Segment Synopsis: Jeff explains that many of the topics he wrote about he came to at random, but then began to gravitate towards the beer industry. Then in January of 2003, he started his own blog. Through this newly found platform he began to write about politics, and was eventually approached by a man who was looking to start a serious political blog called Blue Oregon, and asked Jeff to co-found it with him. So from 2004-2008 he spent the majority of his writing time on politics, where he wrote for The Oregonian, Willamette Week, and a few national magazines. After years of writing about politics, he had a desire to write about a more gentle and desirable topic, which led him to write about beer.

01:41:21 - Learning Experiences; Blogs vs. Books; Beer Bible;

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Partial Transcript: I wrote a post where I was quoting from some old German source..

Segment Synopsis: Jeff explains the constant experience of learning new things and how readers are able to contribute to his knowledge of the topics he writes about. He shares a story about an individual who left a comment on his story, which ultimately led to a relationship that has lasted over the years.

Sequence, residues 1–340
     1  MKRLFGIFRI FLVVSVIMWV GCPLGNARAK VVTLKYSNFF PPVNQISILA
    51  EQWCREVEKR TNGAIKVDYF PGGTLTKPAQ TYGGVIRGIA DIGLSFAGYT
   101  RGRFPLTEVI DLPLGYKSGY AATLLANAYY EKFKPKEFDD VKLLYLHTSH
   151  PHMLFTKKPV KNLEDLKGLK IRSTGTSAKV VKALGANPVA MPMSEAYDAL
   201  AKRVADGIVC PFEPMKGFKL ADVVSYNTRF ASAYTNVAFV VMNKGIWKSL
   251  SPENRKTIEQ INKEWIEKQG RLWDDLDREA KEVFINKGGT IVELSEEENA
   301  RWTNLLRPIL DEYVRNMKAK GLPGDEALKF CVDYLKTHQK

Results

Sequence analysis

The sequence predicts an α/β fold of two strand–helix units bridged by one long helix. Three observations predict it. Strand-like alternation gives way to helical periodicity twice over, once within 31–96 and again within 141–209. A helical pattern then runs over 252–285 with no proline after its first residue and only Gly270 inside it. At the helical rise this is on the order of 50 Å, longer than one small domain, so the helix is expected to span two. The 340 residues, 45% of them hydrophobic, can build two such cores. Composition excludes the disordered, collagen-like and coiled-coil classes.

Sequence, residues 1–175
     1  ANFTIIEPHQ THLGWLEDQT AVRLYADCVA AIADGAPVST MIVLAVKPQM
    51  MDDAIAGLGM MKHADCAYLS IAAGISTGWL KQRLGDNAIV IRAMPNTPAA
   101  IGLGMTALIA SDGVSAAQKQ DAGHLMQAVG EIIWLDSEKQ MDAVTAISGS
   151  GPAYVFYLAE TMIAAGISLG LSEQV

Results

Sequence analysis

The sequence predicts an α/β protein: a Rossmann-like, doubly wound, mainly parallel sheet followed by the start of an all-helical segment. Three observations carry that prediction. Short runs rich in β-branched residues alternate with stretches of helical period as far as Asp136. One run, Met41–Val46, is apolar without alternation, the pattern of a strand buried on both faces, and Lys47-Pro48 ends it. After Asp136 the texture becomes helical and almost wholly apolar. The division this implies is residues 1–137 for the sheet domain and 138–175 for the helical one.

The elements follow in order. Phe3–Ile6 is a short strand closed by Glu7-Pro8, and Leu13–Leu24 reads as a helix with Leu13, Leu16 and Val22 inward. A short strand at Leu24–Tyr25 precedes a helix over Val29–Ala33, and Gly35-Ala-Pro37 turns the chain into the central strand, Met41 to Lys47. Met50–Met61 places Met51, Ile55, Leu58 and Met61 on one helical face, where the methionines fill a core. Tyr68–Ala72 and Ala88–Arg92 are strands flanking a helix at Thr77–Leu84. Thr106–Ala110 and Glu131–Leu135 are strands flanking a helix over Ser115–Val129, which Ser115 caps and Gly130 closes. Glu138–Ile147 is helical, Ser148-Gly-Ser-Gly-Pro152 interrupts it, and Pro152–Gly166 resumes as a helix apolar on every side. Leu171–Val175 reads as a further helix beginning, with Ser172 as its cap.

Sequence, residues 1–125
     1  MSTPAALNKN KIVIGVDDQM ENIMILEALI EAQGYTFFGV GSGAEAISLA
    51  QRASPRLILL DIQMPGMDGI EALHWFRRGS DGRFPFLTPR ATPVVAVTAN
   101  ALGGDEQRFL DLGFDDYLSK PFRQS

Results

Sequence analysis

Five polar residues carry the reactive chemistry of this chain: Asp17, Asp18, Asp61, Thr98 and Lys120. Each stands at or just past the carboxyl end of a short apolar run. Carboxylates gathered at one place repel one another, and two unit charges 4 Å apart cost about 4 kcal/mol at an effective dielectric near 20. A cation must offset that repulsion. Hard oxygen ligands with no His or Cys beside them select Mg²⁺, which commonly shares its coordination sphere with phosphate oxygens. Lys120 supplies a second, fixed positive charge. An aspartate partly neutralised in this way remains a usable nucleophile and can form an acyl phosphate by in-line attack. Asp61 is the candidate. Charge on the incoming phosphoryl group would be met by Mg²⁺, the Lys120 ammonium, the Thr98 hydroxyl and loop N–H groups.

He moves forward to compare and contrast the writing styles and habits throughout his career when writing books and blog posts. The first book that he wrote was the beer bible, a 230,000 word book that was starkly different from his 400 word blog posts he had previously been writing. He explains that he doesn't view books and blogs as different as some may, as he approaches each chapter of a book as if he was writing an extended blog. The main differentiator is the fact that he has to maintain continuity and a common theme throughout the entirety of a book.
He then elaborates on what he believes characterizes a writer. First and foremost a writer requires skills, but an even larger necessity is the desire to write. He says that writers are writers regardless of if they are getting paid for it.

01:55:05 - Freelance Writing; Banner Ads; Sponsorship;

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Partial Transcript: Being a freelancer is very stressful..